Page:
P.A.A.R.I AmeriCorps Recovery Coach Jackie Tayabji, Burlington Police Chief Michael Kent and AmeriCorps Program Coordinator Margie Taylor (Courtesy Photo)
BOSTON — P.A.A.R.I Executive Director Allie Hunter McDade and Burlington Police Chief Michael Kent are pleased to announce that the department and its AmeriCorps service members were honored for their distinguished service to the Burlington community.
Recovery Coach Jackie Tayabji, Program Coordinator Margie Taylor, Chief Kent, Capt. Greg Skehan and Officer Robert Aloisi were presented with the P.A.A.R.I AmeriCorps Excellence Award yesterday at the graduation ceremony for the first group of AmeriCorps members embedded with eastern Massachusetts police departments to support their opioid recovery efforts.
“All our law enforcement host sites are worthy of recognition, but through their commitment to service and their community, the Burlington Police Department and its P.A.A.R.I AmeriCorps team went above and beyond to ensure that their program made a lasting difference,” Hunter McDade said. “The entire department bought into the program’s goals and supported Jackie and Margie’s efforts, which paved the way to make a significant and sustainable impact.”
Through hands-on engagement with members of the communities they serve, the first class of AmeriCorps members have been able to work with more than 4,000 individuals who have been directly impacted by the disease of addiction.
Burlington’s AmeriCorps team alone served over 1,300 people, helping to direct those individuals into treatment and recovery. As a result of their success, Burlington’s program will expand into a regional effort with the help of a Cummings Foundation grant.
“We’re so proud of what this program accomplished in its inaugural year,” Chief Kent said. “The work that our P.A.A.R.I team did will have a meaningful, lifesaving impact on thousands of people in our community, and I’m grateful for everyone in our community who contributed to making their work so successful.”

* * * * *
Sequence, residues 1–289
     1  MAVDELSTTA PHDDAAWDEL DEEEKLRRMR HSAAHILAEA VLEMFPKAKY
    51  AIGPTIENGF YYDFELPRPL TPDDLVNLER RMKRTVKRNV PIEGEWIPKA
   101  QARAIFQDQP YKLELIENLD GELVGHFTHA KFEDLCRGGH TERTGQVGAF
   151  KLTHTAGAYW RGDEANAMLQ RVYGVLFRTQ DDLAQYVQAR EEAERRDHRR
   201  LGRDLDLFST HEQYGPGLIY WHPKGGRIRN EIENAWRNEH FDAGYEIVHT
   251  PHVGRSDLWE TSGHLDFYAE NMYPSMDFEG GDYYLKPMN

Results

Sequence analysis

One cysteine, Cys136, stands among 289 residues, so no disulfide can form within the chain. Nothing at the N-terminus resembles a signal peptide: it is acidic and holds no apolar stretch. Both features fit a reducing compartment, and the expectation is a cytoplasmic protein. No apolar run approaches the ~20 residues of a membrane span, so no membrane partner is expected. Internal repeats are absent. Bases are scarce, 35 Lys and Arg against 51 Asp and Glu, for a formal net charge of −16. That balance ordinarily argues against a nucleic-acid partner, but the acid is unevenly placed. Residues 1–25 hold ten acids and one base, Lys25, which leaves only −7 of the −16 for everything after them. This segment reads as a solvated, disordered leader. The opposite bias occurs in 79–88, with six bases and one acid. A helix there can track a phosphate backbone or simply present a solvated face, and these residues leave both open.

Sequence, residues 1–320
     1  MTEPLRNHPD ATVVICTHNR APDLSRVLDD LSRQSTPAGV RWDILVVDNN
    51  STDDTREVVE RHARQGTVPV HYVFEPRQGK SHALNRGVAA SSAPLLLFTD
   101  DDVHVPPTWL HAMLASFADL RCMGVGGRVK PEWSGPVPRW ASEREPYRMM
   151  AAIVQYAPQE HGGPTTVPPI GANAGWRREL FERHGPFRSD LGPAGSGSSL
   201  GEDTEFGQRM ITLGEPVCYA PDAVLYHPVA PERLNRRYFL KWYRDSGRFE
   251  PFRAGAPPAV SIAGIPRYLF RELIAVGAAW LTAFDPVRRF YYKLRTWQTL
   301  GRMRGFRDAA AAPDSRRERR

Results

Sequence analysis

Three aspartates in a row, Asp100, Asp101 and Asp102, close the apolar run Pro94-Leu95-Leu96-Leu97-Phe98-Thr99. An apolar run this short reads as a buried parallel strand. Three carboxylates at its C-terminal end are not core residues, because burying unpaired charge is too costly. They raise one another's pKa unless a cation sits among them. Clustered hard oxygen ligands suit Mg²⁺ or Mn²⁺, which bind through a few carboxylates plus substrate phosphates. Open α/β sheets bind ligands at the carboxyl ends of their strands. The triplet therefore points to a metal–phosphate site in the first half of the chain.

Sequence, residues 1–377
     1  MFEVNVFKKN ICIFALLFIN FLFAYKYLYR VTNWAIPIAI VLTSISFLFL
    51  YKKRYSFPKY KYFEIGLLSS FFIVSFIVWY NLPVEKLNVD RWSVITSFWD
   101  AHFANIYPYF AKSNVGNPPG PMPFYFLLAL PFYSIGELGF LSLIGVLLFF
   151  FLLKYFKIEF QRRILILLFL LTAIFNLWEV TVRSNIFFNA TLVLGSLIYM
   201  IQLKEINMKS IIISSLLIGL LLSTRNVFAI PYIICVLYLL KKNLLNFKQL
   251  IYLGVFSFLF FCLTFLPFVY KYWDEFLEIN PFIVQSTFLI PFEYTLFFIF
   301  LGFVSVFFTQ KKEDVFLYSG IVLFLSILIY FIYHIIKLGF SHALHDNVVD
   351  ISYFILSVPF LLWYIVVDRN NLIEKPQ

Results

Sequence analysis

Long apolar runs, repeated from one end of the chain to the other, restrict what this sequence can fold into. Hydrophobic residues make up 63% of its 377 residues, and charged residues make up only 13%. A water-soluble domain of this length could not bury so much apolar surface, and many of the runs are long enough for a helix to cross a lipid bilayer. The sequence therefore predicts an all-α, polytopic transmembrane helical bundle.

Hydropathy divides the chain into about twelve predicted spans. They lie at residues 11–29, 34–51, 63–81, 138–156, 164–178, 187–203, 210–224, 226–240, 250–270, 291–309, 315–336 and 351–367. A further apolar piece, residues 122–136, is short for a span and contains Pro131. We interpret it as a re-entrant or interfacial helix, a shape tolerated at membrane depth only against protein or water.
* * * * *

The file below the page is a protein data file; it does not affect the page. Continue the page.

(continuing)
AmeriCorps is a civil society program that engages adults in public service work with a goal of helping others and meeting critical needs in the community. Members commit to full-time or part-time positions offered by a network of nonprofit community organizations and public agencies to fulfill assignments in the fields of education, public safety, healthcare, and environmental protection. There are more than 75,000 Americans in service each year.
The Police Assisted Addiction and Recovery Initiative (P.A.A.R.I.) is a 501c3 nonprofit with a mission to help law enforcement agencies establish pre-arrest programs that create immediate and stigma-free entry points to treatment and recovery programs. P.A.A.R.I. works across sectors to provide training, coaching, and support; program models, policies and procedures, and templates; seed grants; connections to over 300 vetted treatment centers; a network of like-minded law enforcement agencies; a unified voice with media and legislators; and capacity building through AmeriCorps. P.A.A.R.I. is free to join and open to any law enforcement agency that believes in treatment over arrest and views addiction as a disease not a crime. Since June 2015, P.A.A.R.I. has launched more than 320 law enforcement programs in 31 states, distributed 10,000 4mg doses of life-saving nasal naloxone, and helped over 12,000 people into treatment.